The Popular Champagne Spoon Hack That Doesn't Actually Work

champagne being poured into glasses
champagne being poured into glasses - Alvarez/Getty Images

Once you've uncorked a bottle of red or white wine, it's easy enough to stick the cork back in the bottle to enjoy it another day. But anyone who's popped the cork on a bottle of champagne (or any other sparkling wine) knows that, once out, those corks expand to the point where they aren't going anywhere but either the trash or a keepsake drawer. (This is because, once opened, sparkling wines tend to be consumed pretty quickly -- meaning the cork resumes its original, pre-bottling shape.) So, how do you store an opened bottle of sparkling wine without it going flat? Many people claim that putting a metal spoon, handle-side down, in the mouth of the bottle will do the trick. The only problem with this seemingly elegant hack is that it doesn't actually work -- making it one of several mistakes to avoid when drinking champagne.

The general idea is that the metal spoon absorbs and retains the refrigerator's chilliness and therefore holds the bubbles in the bottle because of the increased density of the cold air surrounding it. There's just enough truth in this explanation to sound plausible. But science people have actually studied this very thing (we're talking Stanford researchers as well as researchers from France's Interprofessional Committee of Champagne). None of them found that the spoon trick prevented any loss of carbonation.

Read more: 10 Of The Healthiest Beers You Can Drink

The Spoon Hack Myth

Cork popping from a champagne bottle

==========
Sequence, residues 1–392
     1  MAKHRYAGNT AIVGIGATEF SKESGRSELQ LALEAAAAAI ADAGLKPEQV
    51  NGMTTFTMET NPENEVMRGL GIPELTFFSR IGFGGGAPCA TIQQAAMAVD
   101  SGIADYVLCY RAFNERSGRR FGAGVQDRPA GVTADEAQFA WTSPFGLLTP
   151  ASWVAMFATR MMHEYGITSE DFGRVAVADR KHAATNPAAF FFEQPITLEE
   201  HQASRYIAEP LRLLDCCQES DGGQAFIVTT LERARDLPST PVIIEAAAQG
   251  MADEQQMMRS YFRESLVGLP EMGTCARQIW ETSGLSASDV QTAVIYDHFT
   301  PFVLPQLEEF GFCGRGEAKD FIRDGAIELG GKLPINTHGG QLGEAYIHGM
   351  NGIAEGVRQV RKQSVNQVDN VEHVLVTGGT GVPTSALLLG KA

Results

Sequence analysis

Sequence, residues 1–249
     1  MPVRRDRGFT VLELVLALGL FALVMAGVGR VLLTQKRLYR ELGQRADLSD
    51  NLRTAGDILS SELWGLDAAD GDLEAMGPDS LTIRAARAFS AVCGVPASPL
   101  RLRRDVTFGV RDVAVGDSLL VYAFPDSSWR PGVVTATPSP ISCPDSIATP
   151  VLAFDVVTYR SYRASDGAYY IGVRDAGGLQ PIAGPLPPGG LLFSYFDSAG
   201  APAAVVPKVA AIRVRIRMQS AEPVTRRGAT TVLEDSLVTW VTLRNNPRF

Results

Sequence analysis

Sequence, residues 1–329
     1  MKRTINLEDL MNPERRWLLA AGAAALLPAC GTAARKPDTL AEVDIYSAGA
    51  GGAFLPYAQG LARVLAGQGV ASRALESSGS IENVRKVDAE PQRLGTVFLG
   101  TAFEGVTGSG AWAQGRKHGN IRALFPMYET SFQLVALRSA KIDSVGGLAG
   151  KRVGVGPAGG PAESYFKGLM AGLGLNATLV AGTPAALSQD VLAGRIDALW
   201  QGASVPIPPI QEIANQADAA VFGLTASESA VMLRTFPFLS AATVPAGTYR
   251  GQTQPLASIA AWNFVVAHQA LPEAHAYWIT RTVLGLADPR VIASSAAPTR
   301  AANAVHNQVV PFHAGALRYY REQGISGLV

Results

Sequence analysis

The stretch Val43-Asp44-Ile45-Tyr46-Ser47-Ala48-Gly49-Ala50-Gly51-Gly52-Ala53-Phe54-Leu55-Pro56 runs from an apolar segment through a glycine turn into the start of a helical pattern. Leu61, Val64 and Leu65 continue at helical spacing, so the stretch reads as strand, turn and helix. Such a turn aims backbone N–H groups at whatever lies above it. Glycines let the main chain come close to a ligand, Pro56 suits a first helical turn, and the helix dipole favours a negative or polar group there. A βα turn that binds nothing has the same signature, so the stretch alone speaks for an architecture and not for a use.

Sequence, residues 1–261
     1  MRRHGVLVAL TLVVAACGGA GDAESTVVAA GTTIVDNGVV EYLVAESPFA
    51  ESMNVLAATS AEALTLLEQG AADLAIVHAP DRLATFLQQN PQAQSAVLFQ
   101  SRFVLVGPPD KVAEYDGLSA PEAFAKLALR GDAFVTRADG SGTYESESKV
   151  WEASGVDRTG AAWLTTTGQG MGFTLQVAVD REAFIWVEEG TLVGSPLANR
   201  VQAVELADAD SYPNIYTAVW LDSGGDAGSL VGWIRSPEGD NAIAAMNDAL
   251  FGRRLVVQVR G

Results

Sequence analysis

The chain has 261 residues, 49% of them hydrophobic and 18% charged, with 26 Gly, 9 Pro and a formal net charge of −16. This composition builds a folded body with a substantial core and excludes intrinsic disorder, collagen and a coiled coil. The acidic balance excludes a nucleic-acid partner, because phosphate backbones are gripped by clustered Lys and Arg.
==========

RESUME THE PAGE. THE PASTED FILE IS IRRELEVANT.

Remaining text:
Cork popping from a champagne bottle - Pidjoe/Getty Images

So, what's that kernel of truth inherent in the spoon hack? It has to do with the solubility of carbon dioxide in low-temperature liquids. In lay terms, the colder the liquid, the higher the ability of carbon dioxide gas to stay dissolved inside it. All this spoon hack stuff about denser air doesn't hold up under scientific scrutiny. So what's the takeaway? An opened bottle of sparkling wine put back in the fridge without a spoon will lose its effervescence at the same rate. It will also, spoon or no spoon, be busy absorbing whatever other flavors and odors your fridge has to offer. The bottom line is that as soon as you've opened a bottle of bubbly, it begins to deteriorate.

This deterioration has as much to do with another gas, oxygen, as carbon dioxide. As soon as any bottle of wine is opened, oxygen in the atmosphere starts converting alcohol (more properly, ethanol) into acetaldehyde. (This process, called oxidation, is also what turns your cut apples brown.) While newly-opened vintage wines will "open up" in the presence of oxygen (swirling them in the glass speeds this process up), after a few days of being open, they (like any wine) will get over-oxidized and end up tasting like copper and vinegar.

How To Properly Store Sparkling Wine

a glass of elderflower spritz with mint and lime
a glass of elderflower spritz with mint and lime - 5PH/Shutterstock

The best way to preserve a sparkling wine's effervescence is by sealing the bottle with a so-called hermetic cork or champagne stopper (they'll provide a seal which even the pressure from the carbonated liquid can't permeate) and keeping the bottle well chilled. You can also reuse the cork from another bottle of wine if you happen to have one lying around -- just be sure to push it pretty far in lest it become a refrigerated projectile!

If you don't have any of those things to hand, securing a piece of clean aluminum foil or plastic wrap over the top of the bottle will slow down the oxidation process, if not the loss of carbon dioxide. Pop it back in the fridge until you're ready to finish it off the next day, say as part of an elderflower spritz -- because even when properly stored, an open bottle of sparkling wine won't be much good to drink after much longer than three days.

Read the original article on Daily Meal.